Sunday, October 25, a Soyuz-U rocket carrying the Progress M40 supply vessel was launched from Baikonur (4:14 UTC). The launch, to provide Mir with needed supplies and equipment was delayed for 10 days while the Russian government sought funds to pay for the booster. The craft carried food, fuel, New Year's gifts and an experimental space mirror. The 100 foot diameter experimental mirror, dubbed Znamya 2.5 or Banner, will be unfolded in February when the Progress is scheduled to pull away from the station. The Progress also contained experimental equipment for the French / Slovak visit to the station in February. Progress 39 was undocked from the station on October 25 (23:03 UTC) to create space for the new freighter. Progress M40 docked with the aft docking port of Mir without incident on October 27 (5: 43 UTC). After the docking of M40, instructions were sent to the nearby Progress M39 sending it into the atmosphere. This is the third and final Progress for this year (AP; Chris v.d. Berg).

During the course of the week prior to the arrival of Progress M40, a spent stage for the Lacrosse-2 mission passed within 4.6 Km of the station. The crew were informed, but appeared not too concerned.

The French experiment delivered on the Progress will be placed on the exterior of the station during a space walk on November 11. The walk was originally slated for November 15, but was moved up to minimize risk associated with the Leonid meteor shower. The crew will also retrieve Russian experiments during the 5 hour walk (Chris v.d. Berg).


A test of one of Russia's new intercontinental ballistic missiles at Plesetsk ended in failure last week. The Topol-M missile exploded during its first stage and fell to ground harmlessly nearby. The missile system, which features a single-warhead is expected to replace the RS-18 and RS-20 multiple warhead missiles which are to be deactivated by 2007 according to the yet-to-be-ratified START-II treaty. Russia hopes to replace 35 to 45 missiles per year with $30 million Topol Ms beginning in 2000. This was the 5th test launch of the new system (AP).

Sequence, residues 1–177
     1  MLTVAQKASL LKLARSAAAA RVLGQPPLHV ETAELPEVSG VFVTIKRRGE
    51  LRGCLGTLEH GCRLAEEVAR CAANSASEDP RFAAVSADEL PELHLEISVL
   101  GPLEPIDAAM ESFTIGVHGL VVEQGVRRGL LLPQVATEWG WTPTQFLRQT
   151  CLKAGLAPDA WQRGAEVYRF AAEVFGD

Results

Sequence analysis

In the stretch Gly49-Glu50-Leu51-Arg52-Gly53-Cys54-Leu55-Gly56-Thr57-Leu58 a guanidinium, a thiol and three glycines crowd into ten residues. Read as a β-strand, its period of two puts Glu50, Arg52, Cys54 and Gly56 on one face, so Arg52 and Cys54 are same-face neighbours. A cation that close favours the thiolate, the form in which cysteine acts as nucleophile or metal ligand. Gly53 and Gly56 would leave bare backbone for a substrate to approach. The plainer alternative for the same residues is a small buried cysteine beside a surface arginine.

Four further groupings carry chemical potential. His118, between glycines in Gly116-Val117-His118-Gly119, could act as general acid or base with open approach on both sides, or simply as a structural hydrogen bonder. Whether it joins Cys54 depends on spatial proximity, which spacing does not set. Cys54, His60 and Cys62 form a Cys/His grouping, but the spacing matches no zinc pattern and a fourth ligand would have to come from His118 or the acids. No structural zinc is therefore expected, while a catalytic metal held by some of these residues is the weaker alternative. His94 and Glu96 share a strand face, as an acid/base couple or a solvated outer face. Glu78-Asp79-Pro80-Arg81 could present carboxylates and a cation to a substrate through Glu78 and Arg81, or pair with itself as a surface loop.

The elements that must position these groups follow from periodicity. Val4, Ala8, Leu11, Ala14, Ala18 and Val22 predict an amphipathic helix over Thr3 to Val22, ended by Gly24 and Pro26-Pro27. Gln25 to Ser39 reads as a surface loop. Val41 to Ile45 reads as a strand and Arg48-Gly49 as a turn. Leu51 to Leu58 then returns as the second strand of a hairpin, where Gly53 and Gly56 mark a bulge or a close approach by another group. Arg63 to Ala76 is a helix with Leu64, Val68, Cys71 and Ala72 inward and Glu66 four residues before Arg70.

Russia's Glonass navigation system is in danger of collapse from lack of money. The fiscal problems are so sever that Russia has had to offer European nations co-ownership of the system and its segment of the radio frequency (SpaceNews).


At 8:08 am EDT, Saturday, a Delta 2 rocket was launched from Cape Canaveral Air Station. The launch was delayed briefly from an extended T-4 minute hold due an electrical issue. The launch then progressed normally. On-board was the innovative Deep Space-1 (DS-1) NASA spacecraft and a small student satellite, SEDsat-1, equipped with cameras and amateur radio equipment. SEDsat-1 was deployed from the side of the second stage of the Delta rocket 88 minutes after launch. The first of the new Millennium Program, DS-1 was given its final boost from the Delta about 50 minutes after the launch. The third stage burn of the Delta pushed the vehicle to an initial velocity of 39,600 kph relative to the Earth.

Deep Space-1 is a technology demonstrator that will test 12 new systems including a fuel efficient ion engine. This is the first time such an engine has been used for main propulsion for an exploration mission. It is currently in use by a few commercial satellites for station-keeping. Early in the flight two other of the technologies, the 3600 cell solar concentrator arrays and a small deep-space transponder have already been validated. The craft's star-tracker is operational but appears to occasionally fail for 1-2 seconds. The intermittent problem is under investigation. A 13 minute delay was experienced in acquiring telemetry from the spacecraft from an instrumented aircraft. Controllers were then able to acquire telemetry from the ground station in Australia. The craft is expected to fly 120 million miles over the next nine months to pass within 6 miles of asteroid 1992 KD (Flatoday; NASA; JPL).


An Ariane 44L was launched from Kourou, French Guiana at 5:16 pm EST on Wednesday, October 28. With four liquid strap-on boosters, this is the most powerful of the Ariane 4 configurations. The upper stage of the rocket was equipped with the SOELDA dual launch system. Carrying both Afristar and GE-5, flight 113 boosted a combined 4946 kg into orbit -- a record for the Ariane 4 system. Afristar was released 20 minutes and 21 seconds after launch. GE-3 was released 23 minutes 30 seconds into the flight (Arianespace PR; Flatoday).